Wednesday, July 4, 2012

Walking England in America

I remember taking friends visiting from England on the czuk-walking tour of Charleston. So much of British and colonial history are intertwined, that it was kind of fun to joke about the what if's the Revolutionary War had gone differently. My friends insisted Americans would pronounce aluminum correctly and refer to the proper sport with the term "football". One of my friends melodramatically pronounced July 4 to be a day of mourning for him, rather than one of celebrations.

"Yes," countered his companion.  Think of all the souls who would be speaking proper English now.

We bantered back and forth.  They bemoaned being in such a barbaric country where beer was not served at the proper temperature.  They wailed that nowhere could they find proper cream, only "heavy" cream or something called half-and-half.  And the things called English Muffins? Pah!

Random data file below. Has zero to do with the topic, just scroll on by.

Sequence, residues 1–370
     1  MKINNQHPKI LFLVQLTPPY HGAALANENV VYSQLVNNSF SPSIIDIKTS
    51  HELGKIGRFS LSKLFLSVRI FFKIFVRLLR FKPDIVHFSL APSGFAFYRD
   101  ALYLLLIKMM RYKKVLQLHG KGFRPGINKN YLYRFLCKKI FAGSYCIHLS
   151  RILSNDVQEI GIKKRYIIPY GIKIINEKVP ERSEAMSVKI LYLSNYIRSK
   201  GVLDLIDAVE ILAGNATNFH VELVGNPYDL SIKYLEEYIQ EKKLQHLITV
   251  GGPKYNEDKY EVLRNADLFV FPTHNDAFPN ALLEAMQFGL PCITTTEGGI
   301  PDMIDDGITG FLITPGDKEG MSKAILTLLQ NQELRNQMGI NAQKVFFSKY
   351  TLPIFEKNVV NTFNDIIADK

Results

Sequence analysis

We continued to walk around downtown, until I took them to one of the cobblestone streets that still are around. The stones had been ballast for ships coming to Charleston from around the world, a large number from England. We spent the next 15 minutes stepping from stone to stone, "walking on Mother England" and the precious ground of my hometown in with each footfall.

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